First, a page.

of Swammerdam in arranging Insects primarily 
according to their metamorphoses ; and Lister, 
in 1710, followed with a modification of Ray’s 
classification, after which nothing further was 
proposed until Linnæus published the first edi¬ 
tion of his Systerna Naturæ in 1735. His arrange¬ 
ment was based upon the form and structure of 
the wings. By these he divided Insects into three 
groups. First, those with four wings, in which 
he included in three divisions those Insects 
which now constitute his orders Coleoptera, 
Hemiptera, Lepidoptera, Neuroptera, and Hy- 
menoptera. In the second group he placed 
Insects with two wings, his single order Dip- 
tera; and in the third, Insects without wings, 
his order Aptera. In this arrangement, founded 
partly upon that of Aristotle, Linnæus was 
particularly successful in establishing some very 
natural series, although in including the Crus¬ 
tacea among his Aptera, like Swammerdam 
and Ray, he receded a little from a natural 
system. After Linnæus, Degeer and Geoffroy 
each proposed a new arrangement, but it was 
not until an entirely new set of organs had 
been selected by Fabricius that Insects began 
to be arranged upon truly natural principles. 
The parts from which Fabricius drew his cha¬ 
racters were those of the mouth, by which he 
divided Insects primarily into two sections, the 
Mandibulated, or those furnished with jaws for 
comminuting their food, and the Haustellated, 
or those which take their aliment by means of 
a flexible elongated proboscis, without distinct 
manducatory organs. But the difficulty of 
forming a strictly natural system still existed, 
so long, as the characters employed were derived 
only from particular sets of organs, and not 
from a consideration of the whole. Cuvier, by 
founding his arrangement upon an examination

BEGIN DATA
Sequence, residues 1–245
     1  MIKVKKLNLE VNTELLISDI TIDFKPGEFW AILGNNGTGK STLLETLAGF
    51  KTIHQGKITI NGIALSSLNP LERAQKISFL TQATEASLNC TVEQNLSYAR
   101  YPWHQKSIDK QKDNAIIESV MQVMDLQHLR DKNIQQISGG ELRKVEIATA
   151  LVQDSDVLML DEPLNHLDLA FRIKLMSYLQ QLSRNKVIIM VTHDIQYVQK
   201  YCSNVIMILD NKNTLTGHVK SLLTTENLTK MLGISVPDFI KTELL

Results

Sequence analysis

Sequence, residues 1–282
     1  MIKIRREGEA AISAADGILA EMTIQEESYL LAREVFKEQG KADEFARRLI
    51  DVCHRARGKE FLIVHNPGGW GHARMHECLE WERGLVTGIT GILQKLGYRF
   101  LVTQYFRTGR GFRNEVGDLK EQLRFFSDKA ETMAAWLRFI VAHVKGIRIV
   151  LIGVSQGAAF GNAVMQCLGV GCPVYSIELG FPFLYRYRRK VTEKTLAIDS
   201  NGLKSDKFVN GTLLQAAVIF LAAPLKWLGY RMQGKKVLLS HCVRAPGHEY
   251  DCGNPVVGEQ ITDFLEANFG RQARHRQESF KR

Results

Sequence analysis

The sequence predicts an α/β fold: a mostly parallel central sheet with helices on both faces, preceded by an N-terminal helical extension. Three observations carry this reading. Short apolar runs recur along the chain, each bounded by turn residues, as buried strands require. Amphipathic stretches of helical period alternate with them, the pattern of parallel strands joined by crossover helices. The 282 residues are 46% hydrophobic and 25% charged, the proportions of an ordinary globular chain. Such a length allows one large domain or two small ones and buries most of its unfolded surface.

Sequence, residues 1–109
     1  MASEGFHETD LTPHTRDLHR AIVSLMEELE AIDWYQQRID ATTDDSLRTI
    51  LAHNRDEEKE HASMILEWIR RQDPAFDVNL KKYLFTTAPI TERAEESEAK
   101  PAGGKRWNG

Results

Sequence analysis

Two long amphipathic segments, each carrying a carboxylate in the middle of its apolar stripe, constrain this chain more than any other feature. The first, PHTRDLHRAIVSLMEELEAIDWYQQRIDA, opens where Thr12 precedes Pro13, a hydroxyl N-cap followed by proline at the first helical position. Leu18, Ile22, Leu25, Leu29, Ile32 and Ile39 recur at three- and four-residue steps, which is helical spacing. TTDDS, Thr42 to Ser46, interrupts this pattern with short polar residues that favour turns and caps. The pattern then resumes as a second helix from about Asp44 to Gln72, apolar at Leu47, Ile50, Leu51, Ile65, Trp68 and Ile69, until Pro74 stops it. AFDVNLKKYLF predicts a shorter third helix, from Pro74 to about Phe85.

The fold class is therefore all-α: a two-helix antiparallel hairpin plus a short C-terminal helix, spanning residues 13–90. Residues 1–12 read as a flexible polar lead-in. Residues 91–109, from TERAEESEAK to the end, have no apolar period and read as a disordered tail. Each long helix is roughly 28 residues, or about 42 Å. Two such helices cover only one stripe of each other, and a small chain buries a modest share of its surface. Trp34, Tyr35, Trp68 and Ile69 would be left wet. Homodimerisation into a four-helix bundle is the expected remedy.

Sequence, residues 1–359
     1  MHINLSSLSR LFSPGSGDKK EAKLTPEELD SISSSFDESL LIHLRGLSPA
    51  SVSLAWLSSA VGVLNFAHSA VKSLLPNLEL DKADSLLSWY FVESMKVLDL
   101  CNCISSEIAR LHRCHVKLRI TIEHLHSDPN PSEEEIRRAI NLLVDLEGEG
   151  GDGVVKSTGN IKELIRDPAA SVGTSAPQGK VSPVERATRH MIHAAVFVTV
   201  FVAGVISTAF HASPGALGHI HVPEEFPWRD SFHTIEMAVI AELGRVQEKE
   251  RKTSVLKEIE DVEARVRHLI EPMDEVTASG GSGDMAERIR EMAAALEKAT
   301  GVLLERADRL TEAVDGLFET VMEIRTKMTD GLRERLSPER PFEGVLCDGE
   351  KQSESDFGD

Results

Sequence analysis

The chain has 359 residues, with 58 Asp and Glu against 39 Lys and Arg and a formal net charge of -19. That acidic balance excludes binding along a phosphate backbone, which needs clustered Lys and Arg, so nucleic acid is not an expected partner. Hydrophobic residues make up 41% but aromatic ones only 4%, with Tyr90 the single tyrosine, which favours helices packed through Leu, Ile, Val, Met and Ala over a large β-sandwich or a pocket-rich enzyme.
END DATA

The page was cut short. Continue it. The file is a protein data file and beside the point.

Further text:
of all the external organs, and thereby establish¬ 
ing natural families, advanced very far towards 
the object desired, and was followed by La- 
treille, Lamarck, Dumeril, Leach, Kirby and 
Spence, and MacLeay, who continued to im¬ 
prove the arrangement of the class. These have 
been followed by Messrs. Stephens and Curtis, 
and very recently by Mr. Westwood, the inde¬ 
fatigable Secretary of the Entomological Society, 
each of whom has proposed a different arrange¬ 
ment. But none of the systems hitherto pro¬ 
posed are entirely satisfactory, so great indeed 
is the difficulty of discovering the connecting 
links of families, which, distributed over the 
whole globe, are believed to include from 
100,000 to 150,000 distinct species; and this 
difficulty will probably continue until the in¬ 
ternal as well as the external organization is 
better known in a greater number of insects 
than it is at present, and applied to their 
arrangement, as has lately been done by Bur¬ 
meister. In the succeeding pages we shall 
adopt the arrangement of Mr. Stephens, giving 
a synoptical view of the families, with the 
addition of some of the recently established 
foreign ones, and shall also add particular 
descriptions of some of the most remarkable, 
referring our readers for more minute descrip¬ 
tions of them to Mr. Stephens’s admirable